Tale of Cinema (2005)

A more melancholic piece than some of Hong’s breezier offerings as he explores fictive ideals and sad realities through the idea of cinema as a mirror image. 

Rating: 3.5 out of 5.

Review #2,562

Dir. Hong Sang-soo
2005 | South Korea | Drama | 89 min | 1.85:1 | Korean
R21 (passed clean) for sexual scenes

Cast: Kim Sang-kyung, Uhm Ji-won, Lee Ki-woo
Plot: In Seoul, a suicidal student meets a young woman who decides to join him in his fatal gesture. Tongsu, an unsuccessful filmmaker, spots a beautiful young woman, who happens to be the lead actress in the film he has just seen.
Awards: Nom. for Palme d’Or (Cannes)
International Sales: MK2

Accessibility Index
Subject Matter: Moderate – Cinema; Connections; Suicide
Narrative Style: Slightly Complex
Pace: Slightly Slow
Audience Type: Slightly Arthouse

Viewed: Projector X: Picturehouse
Spoilers: No

Stripped to its bare concept, one might describe Tale of Cinema as Hong Sang-soo’s attempt to ‘cinema-tise’ Jacques Lacan’s idea of the mirror image.  Lacan posited that what we see in the mirror is the perfect ideal, while we ourselves are less than satisfactory in reality.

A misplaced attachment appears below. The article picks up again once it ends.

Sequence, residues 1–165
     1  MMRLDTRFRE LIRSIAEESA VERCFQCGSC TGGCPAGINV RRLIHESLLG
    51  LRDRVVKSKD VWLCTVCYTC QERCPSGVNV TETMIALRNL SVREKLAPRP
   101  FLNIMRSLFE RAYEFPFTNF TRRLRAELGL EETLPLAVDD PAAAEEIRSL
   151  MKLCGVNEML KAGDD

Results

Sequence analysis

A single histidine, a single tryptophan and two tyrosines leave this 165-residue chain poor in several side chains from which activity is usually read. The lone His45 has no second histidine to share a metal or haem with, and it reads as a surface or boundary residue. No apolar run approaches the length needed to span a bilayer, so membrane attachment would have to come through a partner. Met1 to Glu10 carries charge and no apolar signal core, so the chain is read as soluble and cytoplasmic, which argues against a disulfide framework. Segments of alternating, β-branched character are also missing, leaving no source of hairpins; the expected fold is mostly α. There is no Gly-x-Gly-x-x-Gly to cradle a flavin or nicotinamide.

Here, Hong subjects the audience and his characters to the ‘mirror’, exploring fictive ideals and sad realities as the film draws us, with his usual sly sleight-of-hand, into a world where reel and real-life conflate on a meta-philosophical plane. 

Not that Tale of Cinema is a purely philosophical film, but here we see Hong trying to say something about the psychological and emotional impact of the medium on those who view and revere it. 

“There’s nothing special about an actress. She’s a woman like any other.”

A suicidal young man meets a woman who is convinced to commit suicide with him.  Later, another man, an unsuccessful filmmaker, exits a film screening and spots a woman who is an actress he had just seen on the big screen. 

Hong brings these two stories together through the conduit that is the cinema (duh!), opening up conversations on how fiction informs real life, and how we desire reality to be like the movies. 

Apparently, many critics regard Tale of Cinema as the film that cemented Hong’s style (cue conspicuous zooms, idiosyncratic choices of music, diptych narrative structure and ‘mirroring’ characters, etc.).  As such, this might be a good place to begin if you are just starting out with South Korea’s most prolific filmmaker.   

Grade: B+



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